Steve – What mistakes should I avoid?
Jason Germain – Positioning yourself against… If your conscience is clear, work with it….say yes. The Label, Management, Radio, Venue, Pastor, Movement. Surround yourself with people you trust and when they have ideas…work with it. There will be times that you just have to say no to things, but keep your cards close, don’t take a defensive position on issues that can be argued. Related to that, stick to your guns. Set boundaries, and if there is critical reason to say no- do it. Say yes in person say no through management.
Jaime Jam - If I am being honest I think it is SO easy to compare yourself to others in this “small” industry of Christian music. Something the Lord is really challenging me with lately is not having to look like, sing like, minister like, have a career in music ministry like anyone else’s. I need to stay true to what God is asking me to do and be accountable to that. I think it is also a very easy mistake to equate CD sales and radio play with being a real success. Ask God what He views as successful in what you do. These are just some of the pitfalls I am really having to guard against.
Matt Papa – Don’t promote yourself. Trust God to do this for you….it is His work. Be faithful with little and you will be faithful with more. I can personally tell you that I have never promoted myself, and God has been SO FAITHFUL to bring opportunities. Give everything you’ve got to your current opportunities, and more will come. Before you have places to say something you first have to get something to say. Not promoting yourself will do a couple things: 1. It will allow you to trust God and give Him the glory for opportunities you get. 2. It speaks volumes to youth pastors and event sponsor people. They would rather hear from someone else why they should bring you in than your own lips. In other words, they would rather INVITE you to their home for dinner, rather than you saying, “hey I’m a really good dinner guest”.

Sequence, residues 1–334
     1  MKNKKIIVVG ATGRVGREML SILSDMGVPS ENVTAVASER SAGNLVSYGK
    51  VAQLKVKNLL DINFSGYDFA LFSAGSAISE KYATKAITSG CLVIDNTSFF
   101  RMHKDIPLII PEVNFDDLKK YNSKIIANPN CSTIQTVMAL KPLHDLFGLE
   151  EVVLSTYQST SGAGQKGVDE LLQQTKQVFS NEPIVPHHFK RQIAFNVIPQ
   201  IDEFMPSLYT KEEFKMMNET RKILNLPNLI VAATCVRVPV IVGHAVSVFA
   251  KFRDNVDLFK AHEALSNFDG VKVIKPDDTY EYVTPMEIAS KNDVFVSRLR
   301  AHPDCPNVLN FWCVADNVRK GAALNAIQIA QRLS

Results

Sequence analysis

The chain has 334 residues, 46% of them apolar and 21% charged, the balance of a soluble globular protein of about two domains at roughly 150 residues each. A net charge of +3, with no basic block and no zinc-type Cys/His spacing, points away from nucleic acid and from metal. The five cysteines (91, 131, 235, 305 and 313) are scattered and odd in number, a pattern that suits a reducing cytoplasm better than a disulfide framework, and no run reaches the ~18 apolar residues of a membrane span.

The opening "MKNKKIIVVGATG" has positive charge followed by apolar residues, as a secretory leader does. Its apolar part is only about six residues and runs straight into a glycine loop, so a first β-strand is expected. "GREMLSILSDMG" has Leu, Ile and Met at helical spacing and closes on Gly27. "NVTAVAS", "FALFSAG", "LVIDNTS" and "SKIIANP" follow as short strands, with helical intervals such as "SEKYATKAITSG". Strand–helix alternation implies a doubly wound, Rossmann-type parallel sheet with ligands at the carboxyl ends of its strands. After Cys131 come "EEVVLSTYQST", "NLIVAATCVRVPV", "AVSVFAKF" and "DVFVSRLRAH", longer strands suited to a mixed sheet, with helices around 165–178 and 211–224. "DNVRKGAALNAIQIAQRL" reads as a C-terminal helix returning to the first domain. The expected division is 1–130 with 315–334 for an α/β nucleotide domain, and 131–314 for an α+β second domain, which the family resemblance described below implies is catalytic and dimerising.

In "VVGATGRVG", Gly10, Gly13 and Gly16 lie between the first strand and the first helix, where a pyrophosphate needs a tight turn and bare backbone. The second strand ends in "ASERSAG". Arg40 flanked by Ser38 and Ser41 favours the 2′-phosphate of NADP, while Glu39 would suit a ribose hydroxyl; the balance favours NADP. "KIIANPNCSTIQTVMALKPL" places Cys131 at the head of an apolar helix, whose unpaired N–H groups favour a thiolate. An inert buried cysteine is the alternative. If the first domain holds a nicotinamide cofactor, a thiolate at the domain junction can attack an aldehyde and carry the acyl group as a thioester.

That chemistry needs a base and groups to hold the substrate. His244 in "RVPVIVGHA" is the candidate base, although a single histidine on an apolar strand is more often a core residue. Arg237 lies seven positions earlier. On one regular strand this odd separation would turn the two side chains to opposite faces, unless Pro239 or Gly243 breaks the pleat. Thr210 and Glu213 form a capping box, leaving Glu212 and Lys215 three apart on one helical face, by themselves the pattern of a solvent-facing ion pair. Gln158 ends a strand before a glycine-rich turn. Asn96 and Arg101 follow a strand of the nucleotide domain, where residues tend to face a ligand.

Jason Gray- Most artists spend hours working on their songs, on their instruments, on their performance, etc. but spend no time working on their communication and what they say between their songs. But this is where they have the greatest chance of making a connection with their audience, and to just assume that you can be great at this without working at it as much as you work at every other aspect of your music ministry is the most common flaw I see among artists. It’s a form of arrogance and laziness, too, I think. Over the years I’ve found that I probably need to practice and refine my storytelling – what I say between the songs – more than even my music. It’s a worthy investment of your energy, too, because you’ll see the greatest return. People will respond to an artist who is also a good communicator.
Thats it for the conversation today, but on Thursday these wonderful artists have the opportunity to answer a few more questions. Make sure you check it out to see how Matt really feels about Steve.
If you want more information about any of these artists check out their web sites:
Jason Germain – www.downhere.com
Jaime Jamgochian – www.jaimejam.com
Matt Papa – www.mattpapa.com
Jason Gray – www.jasongraymusic.com